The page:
At the onset of the power sector reforms, local expectations were high as the privatization of the National Electric Power Authority (NEPA)/Power Holding Company of Nigeria (PHCN) was often compared, albeit wrongly, to the revolution engendered by the earlier liberalization of the telecommunications sector.

However, events post-privatization have proven disappointing as the sector continues to grapple with systemic challenges, with negligible improvement in supply relative to the pre-reform era. It would appear that stakeholders took too long to come to terms with the dissimilarities between the two sectors.

With regard to the telecommunications sector, save for early teething problems, bankability was established very quickly as lenders dimensioned the risk-reward potential of the sector in a clear and consistent manner.

This was aided by the fact that the telecommunication companies (telcos) had more control over the “universes” they created and didn’t have as many inter-dependencies as the electricity generation companies (GENCOs) and distribution companies (Discos) have. As a result, the telcos were considered to be more “bankable”.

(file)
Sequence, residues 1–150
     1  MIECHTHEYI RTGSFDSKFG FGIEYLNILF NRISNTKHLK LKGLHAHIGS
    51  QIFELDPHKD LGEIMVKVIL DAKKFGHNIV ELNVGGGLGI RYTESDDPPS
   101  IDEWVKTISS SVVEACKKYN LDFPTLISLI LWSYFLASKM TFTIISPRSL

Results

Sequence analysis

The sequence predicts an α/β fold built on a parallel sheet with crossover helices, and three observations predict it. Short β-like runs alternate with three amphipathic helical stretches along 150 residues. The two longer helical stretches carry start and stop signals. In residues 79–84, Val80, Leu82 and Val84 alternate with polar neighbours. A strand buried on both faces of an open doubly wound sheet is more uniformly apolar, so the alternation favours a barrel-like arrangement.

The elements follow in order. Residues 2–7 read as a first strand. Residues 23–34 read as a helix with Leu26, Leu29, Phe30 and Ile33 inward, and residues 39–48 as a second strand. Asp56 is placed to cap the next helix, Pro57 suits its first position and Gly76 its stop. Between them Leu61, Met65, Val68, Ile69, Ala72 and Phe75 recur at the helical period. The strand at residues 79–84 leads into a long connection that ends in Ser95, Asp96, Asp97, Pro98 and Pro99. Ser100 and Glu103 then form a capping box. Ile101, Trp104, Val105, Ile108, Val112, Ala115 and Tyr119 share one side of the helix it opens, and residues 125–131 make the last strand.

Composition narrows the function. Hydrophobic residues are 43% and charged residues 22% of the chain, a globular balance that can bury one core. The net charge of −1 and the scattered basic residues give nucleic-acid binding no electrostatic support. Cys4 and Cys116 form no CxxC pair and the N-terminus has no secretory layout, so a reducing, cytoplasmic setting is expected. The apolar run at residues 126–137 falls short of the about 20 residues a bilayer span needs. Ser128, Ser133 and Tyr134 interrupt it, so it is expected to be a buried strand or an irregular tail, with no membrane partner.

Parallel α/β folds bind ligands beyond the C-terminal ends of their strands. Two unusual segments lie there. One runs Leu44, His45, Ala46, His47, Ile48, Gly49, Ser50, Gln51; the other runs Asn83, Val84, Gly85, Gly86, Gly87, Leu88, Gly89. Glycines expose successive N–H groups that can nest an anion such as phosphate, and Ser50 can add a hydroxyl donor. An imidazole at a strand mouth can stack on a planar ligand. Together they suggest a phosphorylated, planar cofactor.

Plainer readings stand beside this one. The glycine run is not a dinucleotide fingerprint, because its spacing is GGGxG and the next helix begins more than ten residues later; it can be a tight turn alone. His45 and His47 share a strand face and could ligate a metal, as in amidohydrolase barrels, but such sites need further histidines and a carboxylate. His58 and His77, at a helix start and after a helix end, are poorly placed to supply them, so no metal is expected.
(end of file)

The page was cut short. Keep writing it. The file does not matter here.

Getting the economics right: The tariff puzzle
The biggest hurdle against the commercial viability of the Nigerian electricity value chain is insufficient cash flows. This has significantly impaired the ability of the Gencos and Discos to recover all costs and generate appropriate re-turns on investment. It has been a rather daunting task aligning the charges for electricity consumption with the cost of electricity generation, transmission and distribution.

In this regard, to set the tone for our proposition for the Nigeria Electricity Supply Industry (NESI), it would be useful to work with two central principles in mind:

1.       The cost of not having electricity is much greater than the cost of putting the right machinery in place given that self-generation costs 62-94kWh, two times grid-based power in Nigeria.

2.      An efficient supply system where losses are at the barest minimum and an inefficient system with significant losses (typical of the Nigerian case) will both bear the same cost in delivering electricity to the end user.

With these principles in mind, and as we show later in this report, tariffs should be significantly higher than they are now. Further, gas prices need to be completely liberalised to ensure producers become largely indifferent between export potential and local sale to Gencos.